COMPILED BY ANNA LOTZ & BETH MARSHALL

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Lambeau’s Sports Bar & Grill

Kiddie Academy

Todd’s Auto Repair

COURTESY LAMBEAU’S SPORTS BAR & GRILL

COURTESY KIDDIE ACADEMY

COURTESY TODD’S AUTO REPAIR

7 A Smart Financial Credit Union branch opened March 29 at 6311 FM 1488, Magnolia. The banking location hosts a drive-thru, a 24/7 ATM and a team of lobby tellers and bankers. 713-850-1600. www.smartcu.org 8 Owner Jon Farley opened a Pine- hurst location of ZTERS Site Services on April 19 at 34910 Circle Lake Drive, Pinehurst. The company specializes in nationwide construction site rentals and commercial waste services. The Pine- hurst eld oce is home to the compa- ny’s eet of roll-o dumpsters, trucks, temporary fencing and a dedicated team for the Houston area. The company’s rst location is in Cypress. 346-787- 1822. www.zters.com 9 The Woodlands Arenas International School opened its main campus at The Woodlands Preparatory International School through a partnership as of May 1, the schools announced in a news release. According to the release, the school’s educational model is based on academic excellence and multicultural, language, sports, art, science and technology teachings as well as cultural activities. The schools use the International Bacca- laureate program and serve grades K-12 at 27440 Kuykendahl Road, The Wood- lands. 281-516-0600.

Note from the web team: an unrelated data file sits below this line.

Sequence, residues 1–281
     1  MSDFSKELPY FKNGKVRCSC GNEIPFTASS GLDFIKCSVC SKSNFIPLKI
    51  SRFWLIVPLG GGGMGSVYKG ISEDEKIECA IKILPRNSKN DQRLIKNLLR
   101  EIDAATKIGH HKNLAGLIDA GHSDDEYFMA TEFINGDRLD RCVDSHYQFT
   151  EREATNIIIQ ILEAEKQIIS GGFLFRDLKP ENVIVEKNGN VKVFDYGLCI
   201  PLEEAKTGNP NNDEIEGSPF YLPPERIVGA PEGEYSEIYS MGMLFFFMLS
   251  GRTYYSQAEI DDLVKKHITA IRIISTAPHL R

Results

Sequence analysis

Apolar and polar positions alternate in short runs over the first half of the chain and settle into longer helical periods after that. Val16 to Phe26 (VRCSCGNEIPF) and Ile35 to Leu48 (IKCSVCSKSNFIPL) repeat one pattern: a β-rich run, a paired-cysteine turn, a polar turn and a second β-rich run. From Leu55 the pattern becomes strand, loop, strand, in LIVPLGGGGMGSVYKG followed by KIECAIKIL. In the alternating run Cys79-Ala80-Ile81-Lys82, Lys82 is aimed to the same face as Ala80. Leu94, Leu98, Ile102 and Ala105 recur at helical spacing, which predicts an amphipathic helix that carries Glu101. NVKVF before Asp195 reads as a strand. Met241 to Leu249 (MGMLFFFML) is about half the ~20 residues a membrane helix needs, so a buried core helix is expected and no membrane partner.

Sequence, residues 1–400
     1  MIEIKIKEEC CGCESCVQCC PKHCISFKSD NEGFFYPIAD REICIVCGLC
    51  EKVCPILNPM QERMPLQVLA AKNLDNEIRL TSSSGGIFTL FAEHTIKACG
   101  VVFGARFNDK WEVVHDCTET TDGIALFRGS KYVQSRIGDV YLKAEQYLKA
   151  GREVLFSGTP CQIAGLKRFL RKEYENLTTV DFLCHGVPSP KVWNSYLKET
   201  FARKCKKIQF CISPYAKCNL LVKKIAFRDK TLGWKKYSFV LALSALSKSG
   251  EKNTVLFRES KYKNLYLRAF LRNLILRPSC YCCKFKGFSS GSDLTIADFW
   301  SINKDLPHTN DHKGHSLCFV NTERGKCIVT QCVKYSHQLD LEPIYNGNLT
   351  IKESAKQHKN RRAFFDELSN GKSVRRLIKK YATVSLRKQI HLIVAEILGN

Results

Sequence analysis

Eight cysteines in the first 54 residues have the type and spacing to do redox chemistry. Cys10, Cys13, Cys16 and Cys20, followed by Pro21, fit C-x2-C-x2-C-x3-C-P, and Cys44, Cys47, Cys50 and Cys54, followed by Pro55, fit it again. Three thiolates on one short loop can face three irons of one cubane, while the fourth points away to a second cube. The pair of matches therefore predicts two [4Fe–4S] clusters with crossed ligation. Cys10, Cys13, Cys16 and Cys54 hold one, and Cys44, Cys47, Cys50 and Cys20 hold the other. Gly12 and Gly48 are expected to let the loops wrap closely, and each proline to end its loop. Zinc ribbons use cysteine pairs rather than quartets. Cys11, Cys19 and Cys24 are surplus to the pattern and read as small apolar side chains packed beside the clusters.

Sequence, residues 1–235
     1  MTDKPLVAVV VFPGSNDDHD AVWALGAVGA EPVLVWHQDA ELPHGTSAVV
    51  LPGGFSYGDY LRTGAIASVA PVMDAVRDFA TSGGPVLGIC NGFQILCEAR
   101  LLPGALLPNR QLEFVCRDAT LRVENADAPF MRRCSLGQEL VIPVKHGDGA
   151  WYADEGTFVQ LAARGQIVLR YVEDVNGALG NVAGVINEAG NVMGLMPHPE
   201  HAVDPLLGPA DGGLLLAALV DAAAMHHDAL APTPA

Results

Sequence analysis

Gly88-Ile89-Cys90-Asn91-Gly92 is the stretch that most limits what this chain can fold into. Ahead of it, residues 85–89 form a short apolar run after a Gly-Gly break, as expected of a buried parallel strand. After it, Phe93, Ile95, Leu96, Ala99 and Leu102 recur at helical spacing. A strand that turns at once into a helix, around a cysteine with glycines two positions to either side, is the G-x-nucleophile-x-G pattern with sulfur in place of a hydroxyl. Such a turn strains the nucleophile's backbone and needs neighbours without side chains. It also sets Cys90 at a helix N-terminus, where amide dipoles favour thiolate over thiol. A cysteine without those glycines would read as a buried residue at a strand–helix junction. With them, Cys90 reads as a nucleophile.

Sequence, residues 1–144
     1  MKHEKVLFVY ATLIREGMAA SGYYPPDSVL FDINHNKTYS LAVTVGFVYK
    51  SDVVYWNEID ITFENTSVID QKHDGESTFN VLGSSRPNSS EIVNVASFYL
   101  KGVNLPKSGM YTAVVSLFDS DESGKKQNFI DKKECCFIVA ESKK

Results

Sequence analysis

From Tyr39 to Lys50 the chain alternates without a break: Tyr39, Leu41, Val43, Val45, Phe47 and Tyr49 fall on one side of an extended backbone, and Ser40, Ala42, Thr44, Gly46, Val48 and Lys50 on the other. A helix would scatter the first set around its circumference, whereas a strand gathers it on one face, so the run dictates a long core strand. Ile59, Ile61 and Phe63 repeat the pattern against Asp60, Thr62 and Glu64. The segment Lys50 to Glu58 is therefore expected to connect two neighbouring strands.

Louetta Road, Cypress, which relocated to Tomball in April. The name of the new eatery, Lambeau’s Sports Bar & Grill , was inspired by the names of those involved in the partnership, Jess and Shannon Bonneau along with Travis and Lucy Lam- berton, the owners of LT’s Sports Bar & Grill on Barker Cypress Road. The owners said they want to create a new local hangout spot, and the menu will high- light quality sports bar fare with fresh ingredients and some modern twists. www.facebook.com/lambeaus 11 Kiddie Academy , a new child care facility, has been announced for con- struction at the Creekside Park Village Center, located at 26400 Kuykendahl Road, The Woodlands. Kiddie Academy provides programs for children from 6 weeks old to 12 years of age. According to an April 23 press release from developer Howard Hughes Corp., construction will 12 Discount Tire will open Sept. 24 at 5702 FM 1488, Magnolia, according to public relations representatives with the company. Discount Tire oers tires, wheels and wheel accessories, according to its website. www.discounttire.com RELOCATIONS be completed in late 2021. www.kiddieacademy.com 13 Todd’s Auto Repair ocially opened in its new location at 32000 Hwy. 249, Pinehurst, on April 1. The shop hosted a grand opening March 27. Previously lo- cated at 29622 Midland St., Magnolia, the